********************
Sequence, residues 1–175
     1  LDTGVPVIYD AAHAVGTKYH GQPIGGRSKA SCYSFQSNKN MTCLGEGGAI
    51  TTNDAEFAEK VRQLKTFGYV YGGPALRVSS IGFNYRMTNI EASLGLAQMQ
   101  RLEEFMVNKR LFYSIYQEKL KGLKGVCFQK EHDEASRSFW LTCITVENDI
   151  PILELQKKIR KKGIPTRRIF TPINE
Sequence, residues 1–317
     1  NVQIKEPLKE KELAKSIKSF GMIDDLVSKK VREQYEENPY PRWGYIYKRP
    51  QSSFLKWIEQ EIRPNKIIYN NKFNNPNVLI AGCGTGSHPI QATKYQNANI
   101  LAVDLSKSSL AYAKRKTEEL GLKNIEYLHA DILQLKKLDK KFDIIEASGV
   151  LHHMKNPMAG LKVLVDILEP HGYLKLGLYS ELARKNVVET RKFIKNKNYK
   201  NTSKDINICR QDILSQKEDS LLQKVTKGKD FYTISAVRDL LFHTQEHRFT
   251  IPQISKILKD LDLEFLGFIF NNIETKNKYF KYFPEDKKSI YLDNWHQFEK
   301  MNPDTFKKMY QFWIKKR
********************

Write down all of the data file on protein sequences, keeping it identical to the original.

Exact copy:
Sequence, residues 1–175
     1  LDTGVPVIYD AAHAVGTKYH GQPIGGRSKA SCYSFQSNKN MTCLGEGGAI
    51  TTNDAEFAEK VRQLKTFGYV YGGPALRVSS IGFNYRMTNI EASLGLAQMQ
   101  RLEEFMVNKR LFYSIYQEKL KGLKGVCFQK EHDEASRSFW LTCITVENDI
   151  PILELQKKIR KKGIPTRRIF TPINE
Sequence, residues 1–317
     1  NVQIKEPLKE KELAKSIKSF GMIDDLVSKK VREQYEENPY PRWGYIYKRP
    51  QSSFLKWIEQ EIRPNKIIYN NKFNNPNVLI AGCGTGSHPI QATKYQNANI
   101  LAVDLSKSSL AYAKRKTEEL GLKNIEYLHA DILQLKKLDK KFDIIEASGV
   151  LHHMKNPMAG LKVLVDILEP HGYLKLGLYS ELARKNVVET RKFIKNKNYK
   201  NTSKDINICR QDILSQKEDS LLQKVTKGKD FYTISAVRDL LFHTQEHRFT
   251  IPQISKILKD LDLEFLGFIF NNIETKNKYF KYFPEDKKSI YLDNWHQFEK
   301  MNPDTFKKMY QFWIKKR